"I feel indebted. I have a great deal of sentiment because I was reared here," he said. "The church was about the only connection we had in town."
Up to 60 African-American parishioners filled the tiny Methodist church for worship services, Sunday school classes and Wednesday evening prayer meetings when Monroe attended the chapel as a youngster in the 1930s and '40s, he said.
He remembers the warmth of the pot-bellied stove in the winter, the Saturday nights in summer when townsfolk gathered at the chapel for food-filled festivals and the annual fall homecoming celebrations.
He was among many blacks who left Sharpsburg starting in the 1950s to work in other areas, he said. Within 30 years, the town's black population was too small to support more than the chapel's annual homecoming service.
And by 1993, Monroe's late mother, Frances, and cousin, Virginia Cook, were Tolson's Chapel's only active members, he said.
The local conference of the United Methodist Church closed the chapel in 1994, and donated the old building to the Save Historic Antietam Foundation (SHAF) in 2002.
The nonprofit group works to preserve and protect historic sites within the Antietam Valley that are related to the Battle of Antietam, the Maryland Campaign and other Civil War activity.
Tolson's Chapel represents an important part of Sharpsburg's heritage and the legacy of the Civil War, said historian Dean Herrin, coordinator of the National Park Service's Catoctin Center for Regional Studies at Frederick (Md.) Community College.
The church was built in 1866 on land donated by a black couple from Sharpsburg. Two years later, 18 black children - including 12 former slaves - filed in to the church to attend school for the first time, Herrin said.
Teacher Ezra Johnson christened the new Freedmen's Bureau school, "American Union," a reminder that the Civil War freed the slaves.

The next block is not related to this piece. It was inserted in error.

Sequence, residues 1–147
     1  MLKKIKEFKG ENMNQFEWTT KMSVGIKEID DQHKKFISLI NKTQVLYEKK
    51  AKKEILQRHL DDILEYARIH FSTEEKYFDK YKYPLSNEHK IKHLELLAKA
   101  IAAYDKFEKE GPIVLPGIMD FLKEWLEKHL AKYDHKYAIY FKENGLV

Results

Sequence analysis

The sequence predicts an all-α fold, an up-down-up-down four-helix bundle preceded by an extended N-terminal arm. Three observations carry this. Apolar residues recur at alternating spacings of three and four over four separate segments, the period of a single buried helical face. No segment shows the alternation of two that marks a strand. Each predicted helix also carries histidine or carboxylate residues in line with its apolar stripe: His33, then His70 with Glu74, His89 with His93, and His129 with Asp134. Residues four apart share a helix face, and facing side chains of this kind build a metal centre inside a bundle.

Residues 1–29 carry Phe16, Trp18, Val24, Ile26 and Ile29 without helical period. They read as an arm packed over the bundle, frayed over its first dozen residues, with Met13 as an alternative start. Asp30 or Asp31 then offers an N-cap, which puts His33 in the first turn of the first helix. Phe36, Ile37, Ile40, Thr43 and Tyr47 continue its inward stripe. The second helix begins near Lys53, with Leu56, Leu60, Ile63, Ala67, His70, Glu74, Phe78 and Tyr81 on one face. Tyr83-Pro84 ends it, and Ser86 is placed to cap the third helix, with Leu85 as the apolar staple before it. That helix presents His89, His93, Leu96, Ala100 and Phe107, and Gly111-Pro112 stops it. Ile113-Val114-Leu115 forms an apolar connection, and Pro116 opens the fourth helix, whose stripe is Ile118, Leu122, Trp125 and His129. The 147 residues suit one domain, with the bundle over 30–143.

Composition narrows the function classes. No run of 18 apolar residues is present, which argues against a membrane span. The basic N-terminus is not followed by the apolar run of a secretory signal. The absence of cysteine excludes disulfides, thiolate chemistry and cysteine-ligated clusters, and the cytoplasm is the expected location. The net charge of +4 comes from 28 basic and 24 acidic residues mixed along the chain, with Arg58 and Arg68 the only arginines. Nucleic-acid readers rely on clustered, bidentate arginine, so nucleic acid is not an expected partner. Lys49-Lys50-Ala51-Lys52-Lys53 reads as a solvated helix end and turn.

"For many people, the Civil War was about freedom and the right for African-Americans to live their lives like everybody else - to attend schools and worship in their own churches," Herrin said.
SHAF has secured $35,000 in grants from the Maryland Historical Trust, National Trust for Historic Preservation, Preservation Maryland and the National Park Service to pay for an historic structures report, educational video and emergency stabilization of the chapel's leaky roof and crumbling stone foundation, SHAF board member Denise Troxell said.
The structures report will give preservationists an idea about the total cost of the restoration work, which is slated to begin this spring, Troxell said.
SHAF formed a 13-member advisory board to guide the preservation project until a new nonprofit group is launched to oversee the effort, Herrin said.
The group will seek additional grants and donations to restore such original architectural features as the chapel's wooden pews and pulpit area, six-over-six windows, balcony, bell tower, liquid slate walls and board-and-batten siding, said architectural historian Paula Reed, a member of the chapel advisory board.
When possible, original materials will be retained, Reed said.
SHAF is seeking documents and photographs related to Tolson's Chapel to help with the preservation project, Troxell said.
Those wishing to provide information may call Troxell at 301-432-6856 or Herrin at 301-624-2773. Donations can be made payable to SHAF-Tolson's Chapel and mailed to P.O. Box 550, Sharpsburg, MD 21782.